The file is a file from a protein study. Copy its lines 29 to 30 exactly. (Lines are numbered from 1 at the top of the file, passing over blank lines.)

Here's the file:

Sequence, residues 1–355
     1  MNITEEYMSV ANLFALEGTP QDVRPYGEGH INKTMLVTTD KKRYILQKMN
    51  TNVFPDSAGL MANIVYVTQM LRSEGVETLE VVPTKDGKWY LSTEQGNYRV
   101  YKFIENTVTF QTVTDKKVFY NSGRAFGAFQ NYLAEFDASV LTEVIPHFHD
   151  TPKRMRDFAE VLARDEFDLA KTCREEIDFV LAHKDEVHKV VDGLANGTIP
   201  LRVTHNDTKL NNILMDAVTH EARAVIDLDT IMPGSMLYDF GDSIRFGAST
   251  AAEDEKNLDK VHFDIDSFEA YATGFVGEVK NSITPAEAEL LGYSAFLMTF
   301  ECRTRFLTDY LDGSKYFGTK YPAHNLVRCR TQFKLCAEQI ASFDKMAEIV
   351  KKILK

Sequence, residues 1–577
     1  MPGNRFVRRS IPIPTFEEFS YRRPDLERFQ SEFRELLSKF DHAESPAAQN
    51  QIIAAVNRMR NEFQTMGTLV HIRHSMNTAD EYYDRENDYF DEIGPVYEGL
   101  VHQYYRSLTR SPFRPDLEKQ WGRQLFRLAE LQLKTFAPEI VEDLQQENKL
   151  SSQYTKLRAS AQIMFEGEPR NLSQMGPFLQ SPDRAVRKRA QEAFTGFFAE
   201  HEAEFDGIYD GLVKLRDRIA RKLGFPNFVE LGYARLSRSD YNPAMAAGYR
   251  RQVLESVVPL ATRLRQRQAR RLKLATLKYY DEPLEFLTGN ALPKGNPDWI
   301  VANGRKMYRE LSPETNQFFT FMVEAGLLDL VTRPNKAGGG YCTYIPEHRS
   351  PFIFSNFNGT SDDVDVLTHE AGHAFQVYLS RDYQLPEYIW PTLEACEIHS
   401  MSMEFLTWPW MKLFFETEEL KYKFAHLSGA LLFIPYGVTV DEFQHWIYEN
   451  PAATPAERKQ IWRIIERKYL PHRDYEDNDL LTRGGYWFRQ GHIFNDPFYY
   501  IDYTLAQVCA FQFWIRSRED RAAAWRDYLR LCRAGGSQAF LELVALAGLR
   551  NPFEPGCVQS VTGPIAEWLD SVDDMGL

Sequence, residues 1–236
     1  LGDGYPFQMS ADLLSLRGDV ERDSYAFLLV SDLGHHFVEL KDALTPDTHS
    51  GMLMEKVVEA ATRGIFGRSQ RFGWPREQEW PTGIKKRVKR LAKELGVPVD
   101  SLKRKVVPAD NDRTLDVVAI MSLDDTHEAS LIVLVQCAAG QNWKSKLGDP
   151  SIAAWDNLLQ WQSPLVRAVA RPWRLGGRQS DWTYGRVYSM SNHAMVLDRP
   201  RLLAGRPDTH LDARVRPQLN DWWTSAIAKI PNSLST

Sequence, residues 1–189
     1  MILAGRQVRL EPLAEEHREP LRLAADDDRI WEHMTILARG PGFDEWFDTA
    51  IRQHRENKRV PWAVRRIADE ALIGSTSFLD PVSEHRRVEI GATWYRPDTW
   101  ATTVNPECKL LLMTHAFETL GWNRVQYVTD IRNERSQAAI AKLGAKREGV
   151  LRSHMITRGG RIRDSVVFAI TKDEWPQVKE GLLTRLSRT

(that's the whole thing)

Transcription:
Sequence, residues 1–189
     1  MILAGRQVRL EPLAEEHREP LRLAADDDRI WEHMTILARG PGFDEWFDTA